Poetry and Rhetoric: Interview with Sarah Paterson Part 2/2

As I stated on Monday, this week I will be focusing on the research of Sarah Paterson, a junior PWR major with minors in communication and political science and an Elon University Honor’s Fellow.

Sarah Paterson photographed by Rachel Lewis

Sarah Paterson photographed by Rachel Lewis

In Monday’s post, we learned about Sarah’s thesis and how the idea came about. In this post, we will learn about how Sarah’s thesis has shifted as time has passed and how her research connects with the field of PWR.

Changes in research plans
Anyone who has done research can tell you that it is very rare that the first research plan is the one that reaches finality. Paterson attested to this when asked how her idea for her thesis has changed and developed over time.

“When I was coming up with my research my freshman year, my original thesis idea was going to be for a business plan for a self-publishing website for young adults who write. The website made it so they could accept donations and basically be paid to write. Young people’s voices get devalued all the time. Why don’t we let them write and put a monetary value on it? It was a grand idea but not really feasible.”

Goals of her current research
Like many students in the department, Paterson studies various subjects in addition to PWR. With minors in communications and political science, Paterson had a lot of areas to work within when it came to her research.

“I intentionally wanted to make my project bridge my major and my minors – English, communications, political science. I wrote them down and stared at them and tried to choose, but I wanted a project that included elements of all of those things.”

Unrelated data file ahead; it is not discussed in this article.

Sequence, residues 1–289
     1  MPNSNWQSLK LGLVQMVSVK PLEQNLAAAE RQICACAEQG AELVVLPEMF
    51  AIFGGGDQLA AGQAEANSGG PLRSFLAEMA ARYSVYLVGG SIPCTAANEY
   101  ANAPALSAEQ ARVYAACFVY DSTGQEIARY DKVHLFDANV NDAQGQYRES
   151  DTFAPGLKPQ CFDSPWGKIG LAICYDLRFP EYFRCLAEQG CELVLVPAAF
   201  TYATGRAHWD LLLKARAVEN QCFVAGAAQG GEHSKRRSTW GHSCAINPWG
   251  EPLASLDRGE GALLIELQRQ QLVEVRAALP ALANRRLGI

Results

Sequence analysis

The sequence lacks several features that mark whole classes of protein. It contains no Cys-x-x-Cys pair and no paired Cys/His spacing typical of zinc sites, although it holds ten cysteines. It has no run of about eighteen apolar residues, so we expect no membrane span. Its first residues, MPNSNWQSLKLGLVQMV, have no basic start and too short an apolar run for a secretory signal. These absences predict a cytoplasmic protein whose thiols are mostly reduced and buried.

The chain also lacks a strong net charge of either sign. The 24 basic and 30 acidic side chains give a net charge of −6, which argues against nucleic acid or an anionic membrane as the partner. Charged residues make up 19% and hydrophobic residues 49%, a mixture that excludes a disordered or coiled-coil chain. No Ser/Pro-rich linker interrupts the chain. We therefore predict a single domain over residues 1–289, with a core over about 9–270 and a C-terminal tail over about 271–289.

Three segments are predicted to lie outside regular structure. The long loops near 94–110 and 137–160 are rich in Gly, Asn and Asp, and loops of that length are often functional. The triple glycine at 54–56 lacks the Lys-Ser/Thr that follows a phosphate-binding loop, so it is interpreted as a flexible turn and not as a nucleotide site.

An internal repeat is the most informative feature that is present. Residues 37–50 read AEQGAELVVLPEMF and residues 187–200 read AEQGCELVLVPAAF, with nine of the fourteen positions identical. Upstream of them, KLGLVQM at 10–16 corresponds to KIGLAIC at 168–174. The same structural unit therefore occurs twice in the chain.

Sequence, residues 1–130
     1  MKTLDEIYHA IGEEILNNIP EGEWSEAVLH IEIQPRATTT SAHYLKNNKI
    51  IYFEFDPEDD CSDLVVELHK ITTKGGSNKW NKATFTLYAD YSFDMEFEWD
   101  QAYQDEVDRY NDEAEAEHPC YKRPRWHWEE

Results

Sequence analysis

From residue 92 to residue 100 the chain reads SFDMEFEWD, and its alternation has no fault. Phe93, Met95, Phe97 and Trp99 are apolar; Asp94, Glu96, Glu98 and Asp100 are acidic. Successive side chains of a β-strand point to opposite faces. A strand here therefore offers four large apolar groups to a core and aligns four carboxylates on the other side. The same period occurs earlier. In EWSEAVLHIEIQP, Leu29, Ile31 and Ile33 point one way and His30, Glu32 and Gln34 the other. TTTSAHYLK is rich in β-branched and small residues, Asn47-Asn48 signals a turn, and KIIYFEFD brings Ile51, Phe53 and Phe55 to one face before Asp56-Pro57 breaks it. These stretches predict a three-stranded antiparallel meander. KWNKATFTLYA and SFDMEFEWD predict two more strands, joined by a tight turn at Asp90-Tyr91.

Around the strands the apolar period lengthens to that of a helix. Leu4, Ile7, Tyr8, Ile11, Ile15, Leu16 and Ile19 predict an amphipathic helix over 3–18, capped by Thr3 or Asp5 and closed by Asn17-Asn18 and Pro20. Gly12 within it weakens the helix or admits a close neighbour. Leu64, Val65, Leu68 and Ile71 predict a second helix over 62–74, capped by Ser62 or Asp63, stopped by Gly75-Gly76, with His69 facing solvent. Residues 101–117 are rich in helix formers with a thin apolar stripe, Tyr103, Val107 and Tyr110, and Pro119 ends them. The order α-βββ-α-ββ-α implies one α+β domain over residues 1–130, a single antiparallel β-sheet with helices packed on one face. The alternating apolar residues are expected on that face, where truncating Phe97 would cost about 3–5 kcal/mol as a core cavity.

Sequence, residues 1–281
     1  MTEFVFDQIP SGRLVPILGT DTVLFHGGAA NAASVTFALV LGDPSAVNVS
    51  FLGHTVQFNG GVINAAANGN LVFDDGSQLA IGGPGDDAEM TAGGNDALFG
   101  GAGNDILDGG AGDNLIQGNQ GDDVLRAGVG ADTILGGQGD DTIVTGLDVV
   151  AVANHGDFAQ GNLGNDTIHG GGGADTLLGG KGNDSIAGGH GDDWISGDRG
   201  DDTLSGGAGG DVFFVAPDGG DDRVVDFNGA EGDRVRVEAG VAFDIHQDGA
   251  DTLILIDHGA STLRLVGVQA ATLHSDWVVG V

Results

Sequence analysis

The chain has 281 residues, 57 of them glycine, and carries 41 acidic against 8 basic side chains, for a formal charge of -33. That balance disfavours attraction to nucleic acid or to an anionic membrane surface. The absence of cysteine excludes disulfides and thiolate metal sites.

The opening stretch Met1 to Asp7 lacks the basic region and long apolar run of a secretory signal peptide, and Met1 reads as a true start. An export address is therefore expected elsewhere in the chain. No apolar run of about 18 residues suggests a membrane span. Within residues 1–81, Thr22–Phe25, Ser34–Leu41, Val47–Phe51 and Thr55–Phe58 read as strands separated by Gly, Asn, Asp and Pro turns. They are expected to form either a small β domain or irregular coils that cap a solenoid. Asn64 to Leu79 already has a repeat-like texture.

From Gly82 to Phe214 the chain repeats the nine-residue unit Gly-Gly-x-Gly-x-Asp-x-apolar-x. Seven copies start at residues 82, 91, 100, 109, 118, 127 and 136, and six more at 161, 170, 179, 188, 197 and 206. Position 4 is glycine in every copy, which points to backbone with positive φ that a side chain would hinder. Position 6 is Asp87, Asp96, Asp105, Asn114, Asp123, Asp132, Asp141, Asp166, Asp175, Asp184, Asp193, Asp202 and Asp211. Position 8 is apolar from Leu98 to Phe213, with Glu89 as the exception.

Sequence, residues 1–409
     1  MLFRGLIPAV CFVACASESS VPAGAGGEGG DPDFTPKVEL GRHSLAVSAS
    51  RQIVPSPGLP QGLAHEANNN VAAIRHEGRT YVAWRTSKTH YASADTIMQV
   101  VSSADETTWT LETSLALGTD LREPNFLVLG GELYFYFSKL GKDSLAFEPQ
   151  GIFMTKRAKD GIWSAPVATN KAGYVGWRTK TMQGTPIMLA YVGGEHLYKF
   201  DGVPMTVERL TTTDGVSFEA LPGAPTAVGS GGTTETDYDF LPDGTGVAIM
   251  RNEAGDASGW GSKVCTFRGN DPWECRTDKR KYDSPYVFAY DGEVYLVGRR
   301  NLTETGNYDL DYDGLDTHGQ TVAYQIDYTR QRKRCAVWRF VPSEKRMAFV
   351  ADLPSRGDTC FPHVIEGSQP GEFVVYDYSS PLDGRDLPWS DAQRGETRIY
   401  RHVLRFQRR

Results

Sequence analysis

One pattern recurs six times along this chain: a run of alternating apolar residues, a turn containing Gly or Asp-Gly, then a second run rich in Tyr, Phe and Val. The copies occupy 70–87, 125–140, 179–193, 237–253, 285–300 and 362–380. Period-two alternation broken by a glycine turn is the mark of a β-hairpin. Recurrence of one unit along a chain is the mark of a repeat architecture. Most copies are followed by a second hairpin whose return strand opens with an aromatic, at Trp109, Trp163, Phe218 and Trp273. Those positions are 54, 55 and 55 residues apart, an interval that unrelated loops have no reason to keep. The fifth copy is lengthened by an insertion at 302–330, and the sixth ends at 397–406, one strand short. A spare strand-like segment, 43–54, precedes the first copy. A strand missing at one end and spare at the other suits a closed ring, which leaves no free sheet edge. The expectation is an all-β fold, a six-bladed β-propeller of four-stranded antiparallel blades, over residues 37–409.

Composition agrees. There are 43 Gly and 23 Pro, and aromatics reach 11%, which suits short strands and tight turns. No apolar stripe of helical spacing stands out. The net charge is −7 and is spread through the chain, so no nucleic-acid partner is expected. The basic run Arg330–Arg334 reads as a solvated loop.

Paterson found this in spoken word and performance poetry.

“Talking about your identity and what it means to be young in America or what it means to be black in America or what it means to be gay in America is all very political. Even if my project is not picking out politics from poems, I am still discussing political issues.”

Poetry and rhetoric
When we think rhetoric, we don’t always think of poetry, and Paterson is trying to change that with her research. She argues that the ties between rhetoric and poetry are deeper than we often imagine, and she says that spoken word and performance poetry are a means of making the study of rhetoric accessible to a wider audience.

“A lot of what I have to do as a part of this project is argue that poetry is an important part of our future understanding of rhetoric.”

She recalled a specific example of this connection that left her stunned and convinced that poetry keeps rhetoric relevant.

“The organizer of this [spoken word] event talked about the history of spoken word. Not only did they talk about the history of ancient Greek but the history of Africa – and most people don’t do that! They don’t talk about Africa when they talk about oral history. [The organizer] talked about history and the history of rhetoric in a room full of strangers from ages 10 to 70 and made it so accessible. I’m huge on accessibility – you have to hit people where they are – and for rhetoric and language to be made that accessible to a community, to get a mini history lesson in what it means to participate in oral culture, I was like ‘This is so cool!’”

Sarah doesn’t believe that poetry is ever not rhetorical.

“Obviously you’re making rhetorical decisions [as a spoken word poet]. What do you wear? What do you say? Where is the light? Do you have a spotlight? Do you talk to the audience before you start? Are you stomping your foot to get the audience to respond to you? Are you being judged? What are you doing to get a higher score? That’s rhetorical!”

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